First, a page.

Rugs have been woven throughout the Caucasus Mountains for centuries. The writings of ancient travelers to this region and centuries-old antique carpets testify to the historic roots of this tradition. Within this broader region are the provinces Qarachop and Borchali. These historic rug weaving centers have been inhabited by the Azerbaijani people for centuries, but their land now lies within the borders of the Republic of Georgia. Antique rugs from these regions are often highlighted at the world’s premier auction houses (with names like Bordjalou (Borçalı), Karachopt (Qaraçöp), Fachralo (Faxralı), and Lambalo (Ləmbəli)). These rugs are proudly displayed in museums and private collections around the world today.
These exquisite antiques were woven more than a century ago when a vibrant rug weaving existed in this region. Nearly every woman wove rugs. Mothers would spend countless hours weaving with their daughters at their side, teaching them just as they had been taught by their mothers. With her mother’s help, each bride wove a set of rugs for her dowry, a chance girls to showcase her skill. This tradition insured that the craft passed on from generation to generation.
Unfortunately, several forces of modernization have driven rug weaving to the verge of extinction. The introduction of cheap, machine-made carets provided women with an effortless option to cover their floors and walls. These rugs were gradually accepted into a bride’s dowry, eroding the foundation of their rug weaving tradition. Women lost interest in weaving. Little value was given to their craft so they turned their attention elsewhere.
As the numbers of weavers began to diminish, so too did the quality of the rugs. Lively intricate designs were replaced with simplified repetitive designs. Harmonious, naturals dyes gave way to stark, garish synthetic colors. Convenience displaced beauty. Long gone were the harmonious colors and creative designs of centuries past.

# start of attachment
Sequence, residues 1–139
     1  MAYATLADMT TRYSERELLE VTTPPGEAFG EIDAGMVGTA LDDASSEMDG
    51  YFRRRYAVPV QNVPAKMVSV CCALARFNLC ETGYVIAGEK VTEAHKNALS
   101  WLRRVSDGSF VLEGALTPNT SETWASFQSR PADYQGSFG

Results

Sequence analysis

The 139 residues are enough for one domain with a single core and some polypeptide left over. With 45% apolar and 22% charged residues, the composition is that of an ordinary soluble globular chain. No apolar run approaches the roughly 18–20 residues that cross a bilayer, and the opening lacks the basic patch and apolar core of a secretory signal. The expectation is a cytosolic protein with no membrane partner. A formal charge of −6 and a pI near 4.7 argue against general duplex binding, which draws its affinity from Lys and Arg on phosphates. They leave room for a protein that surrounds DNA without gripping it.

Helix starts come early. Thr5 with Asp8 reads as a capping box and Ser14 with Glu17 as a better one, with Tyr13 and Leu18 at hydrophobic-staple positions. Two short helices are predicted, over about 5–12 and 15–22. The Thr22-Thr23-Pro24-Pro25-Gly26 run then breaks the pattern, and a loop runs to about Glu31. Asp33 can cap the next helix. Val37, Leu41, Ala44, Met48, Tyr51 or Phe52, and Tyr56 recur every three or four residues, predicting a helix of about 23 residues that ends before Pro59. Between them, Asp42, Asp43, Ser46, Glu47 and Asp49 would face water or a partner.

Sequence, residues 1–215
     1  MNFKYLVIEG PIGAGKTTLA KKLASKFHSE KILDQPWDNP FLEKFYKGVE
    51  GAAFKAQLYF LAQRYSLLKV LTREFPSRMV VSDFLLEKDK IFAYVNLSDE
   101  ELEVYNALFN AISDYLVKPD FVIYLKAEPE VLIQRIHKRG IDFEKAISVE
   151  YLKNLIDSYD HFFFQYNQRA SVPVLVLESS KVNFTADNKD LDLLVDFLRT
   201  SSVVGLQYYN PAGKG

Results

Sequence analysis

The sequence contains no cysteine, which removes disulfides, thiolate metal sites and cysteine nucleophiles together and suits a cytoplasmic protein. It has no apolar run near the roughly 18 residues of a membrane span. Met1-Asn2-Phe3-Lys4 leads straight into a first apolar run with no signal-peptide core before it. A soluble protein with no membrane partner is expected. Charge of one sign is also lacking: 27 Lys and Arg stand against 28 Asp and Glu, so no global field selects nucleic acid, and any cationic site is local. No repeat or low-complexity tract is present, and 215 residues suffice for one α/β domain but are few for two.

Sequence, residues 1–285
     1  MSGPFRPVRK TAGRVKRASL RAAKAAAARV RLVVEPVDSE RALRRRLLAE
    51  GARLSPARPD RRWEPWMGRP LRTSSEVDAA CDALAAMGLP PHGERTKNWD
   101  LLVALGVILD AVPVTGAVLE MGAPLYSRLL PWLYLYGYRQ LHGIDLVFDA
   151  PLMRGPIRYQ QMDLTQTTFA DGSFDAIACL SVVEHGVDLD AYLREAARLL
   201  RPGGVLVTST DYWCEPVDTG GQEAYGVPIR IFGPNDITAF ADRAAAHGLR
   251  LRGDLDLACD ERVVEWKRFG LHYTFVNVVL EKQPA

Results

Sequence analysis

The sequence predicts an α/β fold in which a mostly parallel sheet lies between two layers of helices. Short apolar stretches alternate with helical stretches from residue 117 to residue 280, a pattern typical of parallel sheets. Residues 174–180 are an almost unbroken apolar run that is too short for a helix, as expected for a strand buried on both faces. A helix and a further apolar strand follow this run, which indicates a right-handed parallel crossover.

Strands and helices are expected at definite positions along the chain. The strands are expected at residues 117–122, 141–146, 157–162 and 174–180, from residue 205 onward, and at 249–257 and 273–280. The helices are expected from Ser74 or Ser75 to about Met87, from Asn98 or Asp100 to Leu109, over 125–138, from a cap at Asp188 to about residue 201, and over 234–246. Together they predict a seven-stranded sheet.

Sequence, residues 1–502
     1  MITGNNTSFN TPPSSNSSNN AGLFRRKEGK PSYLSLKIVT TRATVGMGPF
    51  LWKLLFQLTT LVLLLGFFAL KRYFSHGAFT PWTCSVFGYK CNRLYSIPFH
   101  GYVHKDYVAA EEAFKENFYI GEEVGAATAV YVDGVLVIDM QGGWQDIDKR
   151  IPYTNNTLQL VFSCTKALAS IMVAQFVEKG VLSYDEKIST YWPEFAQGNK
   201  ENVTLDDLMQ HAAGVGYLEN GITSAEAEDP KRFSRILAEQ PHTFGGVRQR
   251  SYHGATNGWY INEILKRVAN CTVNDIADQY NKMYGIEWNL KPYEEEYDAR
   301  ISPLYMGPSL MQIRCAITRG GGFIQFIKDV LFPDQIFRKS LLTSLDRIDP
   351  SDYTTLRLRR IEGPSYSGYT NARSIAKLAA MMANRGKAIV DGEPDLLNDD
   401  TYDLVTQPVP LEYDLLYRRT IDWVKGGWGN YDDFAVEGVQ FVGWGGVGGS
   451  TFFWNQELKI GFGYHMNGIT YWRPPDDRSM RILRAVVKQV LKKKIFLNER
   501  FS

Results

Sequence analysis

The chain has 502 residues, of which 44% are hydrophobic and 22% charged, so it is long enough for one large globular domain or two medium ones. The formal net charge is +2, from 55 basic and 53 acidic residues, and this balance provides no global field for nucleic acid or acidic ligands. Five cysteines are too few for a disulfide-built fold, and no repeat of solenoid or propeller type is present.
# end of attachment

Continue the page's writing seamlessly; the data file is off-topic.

The present condition of weaving in this region is dire. Out of the more than 129 Azeri villages in Georgia, only 2 still have a handful of weavers. Amongst the potential 500,000 Azerbaijanis in Georgia, perhaps less than 20 women are actively weaving today. Several of our weavers have not woven for over 20 years, and would have never woven again if it were not for reWoven. Lost too are the secrets of dyeing wool through purely natural means as it was once done.
The current situation is grim, unquestionably leading toward the permanent extinction of weaving in this once vibrant rug producing region. If the current generation passes away without having passed on this tradition to the next, the root of their weaving history will be permanently lost.
reWoven endeavors to revive this craft by producing exquisite rugs while insuring maximum benefit for its artisans and their community. We aim to revive rug weaving’s lost beauty and inspire a new generation to continue its legacy.
reWoven accomplishes this goal by producing high quality rugs that embody the aesthetics and methods of centuries past. This includes hand spun wool yarn, natural dyes, hand weaving, and historic designs. Women from our weaving village hand spin their own undyed white and black wool into yarn, while naturally dyed color yarn is purchased from other regions. We also recovered antique designs from the finest collections in the world which house rugs from this region. We are bringing these designs back to their place of origin so they can be rewoven today.
Beyond their fine materials and cultural authenticity, a reWoven rug’s greatest value is the unmatched personal connection it creates between the patron and the weaver and her community. The typical rug purchasing experience gives the customer absolutely no information about the artist who wove the rug, and no guarantee of their fair compensation. Additionally, there is little assurance of where the rug was actually woven and with what materials. Each reWoven rug includes a certificate that guarantees the rug’s quality and authenticity, along with sharing personal information about the weaver and images of the rug coming to life on her loom. More than an exceptional decorative piece, reWoven rugs represent a direct link to the artisan and her rich weaving tradition.
reWoven is committed to insuring the maximum benefit for its weavers and their community. reWoven is a project of Millennium Relief and Development Services, and their local non-profit, Caucasus Hope Partnership. All of the proceeds of this project will remain within the local village. It is our aim to find a direct market for our rugs, creating higher wages for the weaver and a better value for the customer. We are confident that our weavers are the highest paid in the Caucasus region. As we are able to establish a market and ensure the financial viability of this project, we are eager to continue to raise the weavers’ wages. Increased wages is a critical step toward encouraging more women to learn the craft and, thus, ensuring the preservation of their weaving tradition.
Thank you for taking the time to learn about reWoven and for considering purchasing one of our unique rugs. Every rug purchased is a direct investment into a woman’s life and her craft. Each rug is deeply rooted in an ancient weaving tradition, and one small step toward insuring this tradition survives another generation.